Among the cluster of ads that we see on TV today, few manage to create an impression. Now, the ad world is successful in leaving a lasting image in the minds of the passive viewers. While being victorious at creating an impact, the ads are also changing the perception, attitude and behaviour of its viewers.
Making (air) waves
>> The recent Greenlam Laminates ad shows politicians surprised by the new look of Parliament created by the laminate, and how they get inspired to leave their bad old ways behind and turn over a new leaf.
>> The much-talked-about Google TVC portrays two elderly men reuniting with the help of their grandchildren, after they were separated by the Partition of India and Pakistan.
>> A professor who is soon going to retire is gifted a Titan watch by his students, who thump on their desks and use classroom stationery to recreate the Titan ad’s theme music. The ad ends with the message to respect their teachers and carries the tagline, ‘The Joy of Gifting’.
>> A dusky bride with a daughter, a wedding without the colour red and a family enjoying the bride’s second wedding are not the usual things one may see in traditional depictions of society. The Tanishq ad touches viewers on various levels, spreads the message of remarriage and goes against the Indian stereotype-fantasy of fair-skinned brides.
Last year, Fasttrack, a youth-centric brand of watches and eyewear, redefined the advertising paradigm with its lesbian-themed TV advertisement. This ad film, often seen in the midst of the ongoing Indian Premier League (IPL) matches, opened with a shot of a pink closet. A girl emerges from it, checking the time on her Fastrack watch. She is followed by another girl. They give each other the eye, adjusting a bit of attire, and then walk off in opposite directions. Then comes the tag line: ‘Come out of the closet. Move On’. The message was clear: Come out of the closet. The “move on” could be telling society to move on from stereotyping or rejecting gay persons.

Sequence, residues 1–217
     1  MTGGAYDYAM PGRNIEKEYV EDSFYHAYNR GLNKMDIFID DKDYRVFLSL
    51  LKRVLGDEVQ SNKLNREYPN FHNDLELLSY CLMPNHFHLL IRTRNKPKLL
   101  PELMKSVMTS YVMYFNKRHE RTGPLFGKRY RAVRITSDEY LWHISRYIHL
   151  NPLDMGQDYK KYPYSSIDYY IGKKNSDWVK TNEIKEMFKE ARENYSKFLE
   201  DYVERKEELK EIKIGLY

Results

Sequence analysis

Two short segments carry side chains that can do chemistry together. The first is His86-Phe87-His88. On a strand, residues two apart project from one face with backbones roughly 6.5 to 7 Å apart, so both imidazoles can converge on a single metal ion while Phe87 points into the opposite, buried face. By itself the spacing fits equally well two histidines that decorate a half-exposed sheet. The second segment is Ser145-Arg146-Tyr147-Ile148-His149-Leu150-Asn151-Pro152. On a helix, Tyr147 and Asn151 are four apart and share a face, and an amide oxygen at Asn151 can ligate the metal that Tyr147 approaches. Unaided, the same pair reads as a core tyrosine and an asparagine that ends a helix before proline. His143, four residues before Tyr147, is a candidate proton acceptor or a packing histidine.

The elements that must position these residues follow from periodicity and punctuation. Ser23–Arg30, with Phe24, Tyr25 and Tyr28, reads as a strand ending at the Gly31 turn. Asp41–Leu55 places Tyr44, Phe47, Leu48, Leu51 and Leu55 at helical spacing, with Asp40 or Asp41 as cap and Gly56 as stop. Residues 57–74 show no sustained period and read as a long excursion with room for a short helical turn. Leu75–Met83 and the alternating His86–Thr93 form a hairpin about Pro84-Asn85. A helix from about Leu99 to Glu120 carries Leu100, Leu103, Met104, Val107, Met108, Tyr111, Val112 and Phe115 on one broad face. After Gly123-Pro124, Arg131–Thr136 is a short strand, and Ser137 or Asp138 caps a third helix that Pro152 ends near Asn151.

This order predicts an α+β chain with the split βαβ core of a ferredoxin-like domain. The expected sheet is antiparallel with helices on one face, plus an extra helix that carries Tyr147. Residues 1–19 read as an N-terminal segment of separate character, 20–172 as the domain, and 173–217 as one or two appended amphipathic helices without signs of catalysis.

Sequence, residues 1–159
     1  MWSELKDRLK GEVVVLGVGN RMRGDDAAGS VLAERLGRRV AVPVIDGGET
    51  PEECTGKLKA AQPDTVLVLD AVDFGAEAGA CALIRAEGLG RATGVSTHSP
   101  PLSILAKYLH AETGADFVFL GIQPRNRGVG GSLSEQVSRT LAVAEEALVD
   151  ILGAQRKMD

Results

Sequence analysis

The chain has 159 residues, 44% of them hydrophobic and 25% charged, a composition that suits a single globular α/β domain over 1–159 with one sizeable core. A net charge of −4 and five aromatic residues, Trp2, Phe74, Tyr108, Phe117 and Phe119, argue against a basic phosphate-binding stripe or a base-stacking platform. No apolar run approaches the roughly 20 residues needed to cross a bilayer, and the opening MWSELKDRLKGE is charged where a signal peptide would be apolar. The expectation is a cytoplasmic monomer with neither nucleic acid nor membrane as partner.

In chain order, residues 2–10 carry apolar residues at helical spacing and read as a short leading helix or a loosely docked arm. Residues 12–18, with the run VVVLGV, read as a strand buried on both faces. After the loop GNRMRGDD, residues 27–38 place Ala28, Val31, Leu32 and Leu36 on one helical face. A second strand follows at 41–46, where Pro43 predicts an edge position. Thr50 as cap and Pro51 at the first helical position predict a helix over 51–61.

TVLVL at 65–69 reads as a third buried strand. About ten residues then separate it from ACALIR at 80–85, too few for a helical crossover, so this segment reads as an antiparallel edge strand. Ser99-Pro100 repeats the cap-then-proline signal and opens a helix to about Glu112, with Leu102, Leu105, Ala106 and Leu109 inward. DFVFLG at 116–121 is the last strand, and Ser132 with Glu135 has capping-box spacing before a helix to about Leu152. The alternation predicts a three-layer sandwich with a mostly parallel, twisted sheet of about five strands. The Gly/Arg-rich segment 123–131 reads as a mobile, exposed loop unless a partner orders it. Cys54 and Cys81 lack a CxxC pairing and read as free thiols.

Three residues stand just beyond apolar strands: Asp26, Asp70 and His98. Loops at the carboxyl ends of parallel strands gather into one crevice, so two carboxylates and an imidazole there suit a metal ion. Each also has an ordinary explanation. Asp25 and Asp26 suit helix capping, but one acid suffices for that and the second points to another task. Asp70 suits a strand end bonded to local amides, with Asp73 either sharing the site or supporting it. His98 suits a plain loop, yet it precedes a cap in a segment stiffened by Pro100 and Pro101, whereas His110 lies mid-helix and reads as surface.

At that time, Arun Iyer, National Creative Director, Lowe-Lintas which had made the advertisement, had said, “What we were doing is looking at sending a progressive message, since this is a youth brand and we did make a conscious decision to get this message across. We have had a terrific response on social media, but of course, there have been a few brickbats too saying that with this ad, we have gone too far, yes, so there are some polarised views.”